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A couple of weeks ago, I told you to watch out for the earnings reports from ARM Holdings (Nasdaq: ARMH ) and MIPS Technologies (Nasdaq: MIPS ) . The MIPS report is still about a week away, but ARM's boat has already docked.
The processor technology developer behind pretty much every chip you'll find in today's smartphones and tablet computers, among other gadgets, saw sales rising 27% year over year in dollar terms (or 18% in pounds sterling), driving earnings 25% higher in terms of British currency. Nonplussed, Mr. Market sent ARM shares a few percent down across the past two days. That's pretty much in line with the tech-heavy NASDAQ at large today, so this report was sort of a non-event.
The stock has gained 84% over the past year and a staggering 415% on the past three as ARM-based chips have become ubiquitous in pockets and purses worldwide. MIPS is hoping to copy that growth curve as its competing technology makes its way into the very same high-growth markets, but it hasn't really happened yet.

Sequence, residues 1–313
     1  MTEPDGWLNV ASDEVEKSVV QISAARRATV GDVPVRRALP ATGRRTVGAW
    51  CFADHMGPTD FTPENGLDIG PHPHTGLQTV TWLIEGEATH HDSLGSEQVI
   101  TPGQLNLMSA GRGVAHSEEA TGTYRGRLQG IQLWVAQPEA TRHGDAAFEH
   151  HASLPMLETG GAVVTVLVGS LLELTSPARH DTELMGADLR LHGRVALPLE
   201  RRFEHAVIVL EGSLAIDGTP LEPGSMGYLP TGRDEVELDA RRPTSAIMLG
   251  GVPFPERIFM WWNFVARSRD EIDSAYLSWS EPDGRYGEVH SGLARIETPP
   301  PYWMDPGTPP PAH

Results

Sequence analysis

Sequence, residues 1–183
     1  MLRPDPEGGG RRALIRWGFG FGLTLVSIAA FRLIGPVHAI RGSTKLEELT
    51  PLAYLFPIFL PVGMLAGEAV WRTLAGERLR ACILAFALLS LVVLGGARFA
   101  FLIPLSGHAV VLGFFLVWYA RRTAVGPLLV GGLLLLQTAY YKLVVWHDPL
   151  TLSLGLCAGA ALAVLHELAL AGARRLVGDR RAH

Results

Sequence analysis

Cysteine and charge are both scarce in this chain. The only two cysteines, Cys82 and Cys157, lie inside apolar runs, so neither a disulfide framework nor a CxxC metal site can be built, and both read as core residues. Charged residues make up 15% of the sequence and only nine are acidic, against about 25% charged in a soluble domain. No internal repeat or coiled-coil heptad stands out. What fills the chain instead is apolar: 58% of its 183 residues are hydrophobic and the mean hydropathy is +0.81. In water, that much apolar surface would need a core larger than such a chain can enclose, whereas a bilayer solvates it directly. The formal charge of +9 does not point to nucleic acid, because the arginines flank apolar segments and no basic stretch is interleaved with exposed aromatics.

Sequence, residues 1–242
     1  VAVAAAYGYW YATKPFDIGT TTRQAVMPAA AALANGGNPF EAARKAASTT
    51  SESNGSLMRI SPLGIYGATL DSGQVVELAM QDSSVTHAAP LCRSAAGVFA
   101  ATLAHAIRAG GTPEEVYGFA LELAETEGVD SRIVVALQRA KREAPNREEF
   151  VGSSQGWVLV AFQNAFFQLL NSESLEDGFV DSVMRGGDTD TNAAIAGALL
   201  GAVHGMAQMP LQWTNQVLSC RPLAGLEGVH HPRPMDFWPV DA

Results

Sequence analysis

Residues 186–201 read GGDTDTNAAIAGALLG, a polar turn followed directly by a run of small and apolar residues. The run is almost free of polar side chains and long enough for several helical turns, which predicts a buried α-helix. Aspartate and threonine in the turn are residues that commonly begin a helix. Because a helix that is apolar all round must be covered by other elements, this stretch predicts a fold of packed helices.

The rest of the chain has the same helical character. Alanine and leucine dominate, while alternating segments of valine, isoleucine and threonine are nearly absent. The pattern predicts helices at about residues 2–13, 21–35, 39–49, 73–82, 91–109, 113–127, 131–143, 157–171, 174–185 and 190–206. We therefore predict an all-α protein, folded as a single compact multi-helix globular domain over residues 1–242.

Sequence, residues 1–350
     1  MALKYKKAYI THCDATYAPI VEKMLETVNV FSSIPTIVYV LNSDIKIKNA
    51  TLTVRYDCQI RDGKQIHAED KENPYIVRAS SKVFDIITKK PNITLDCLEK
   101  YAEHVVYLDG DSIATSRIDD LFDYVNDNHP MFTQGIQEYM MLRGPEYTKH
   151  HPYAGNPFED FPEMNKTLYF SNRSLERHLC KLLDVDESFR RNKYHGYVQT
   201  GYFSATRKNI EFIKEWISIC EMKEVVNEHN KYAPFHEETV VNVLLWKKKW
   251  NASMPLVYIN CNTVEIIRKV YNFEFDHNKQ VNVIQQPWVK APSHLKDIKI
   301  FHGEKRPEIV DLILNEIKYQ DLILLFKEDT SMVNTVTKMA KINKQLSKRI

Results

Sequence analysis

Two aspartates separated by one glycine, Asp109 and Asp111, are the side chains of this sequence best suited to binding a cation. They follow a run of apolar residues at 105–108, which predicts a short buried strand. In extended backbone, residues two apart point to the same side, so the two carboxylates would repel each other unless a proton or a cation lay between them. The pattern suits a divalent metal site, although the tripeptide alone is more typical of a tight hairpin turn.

As for ARM, the company has shifted focus and is increasingly signing processor-tech licenses for consumer electronics and enterprise uses as a complement to continuing demand in mobile gadgetry. For example, STMicroelectronics (NYSE: STM ) is shipping ARM-based microcontrollers into industrial manufacturing control panels, and Mentor Graphics (Nasdaq: MENT ) has optimized the Inflexion chip-design system to run on ARM's Mali graphics platform. And that's just the tip of the non-mobile iceberg.
That doesn't mean ARM is abandoning mobile business: indeed, the mobile industry accounted for 58% of unit shipments in the quarter. The opportunity in front of ARM remains very large as chip designers from NVIDIA (Nasdaq: NVDA ) to Marvell Technologies (Nasdaq: MRVL ) continue to seek out new end-markets and renew their ARM licenses for the long term. All those little royalty payments add up very quickly.
However, the stock is very expensive; ARM shares trade for about 90 times reported earnings, though they're a much more affordable 40 times trailing cash flows. That's not ideal, especially when you look at MIPS trading at 17 times earnings and about 14 times free cash flows.
Would you rather pay a premium for growth that has already happened to a large degree, or buy into future growth at a discount? Being a Rule Breaker at heart, I'm a much bigger MIPS fan than an ARM booster at this point. I'm rating both stocks "outperform" in our CAPS system, but I expect much greater returns from MIPS.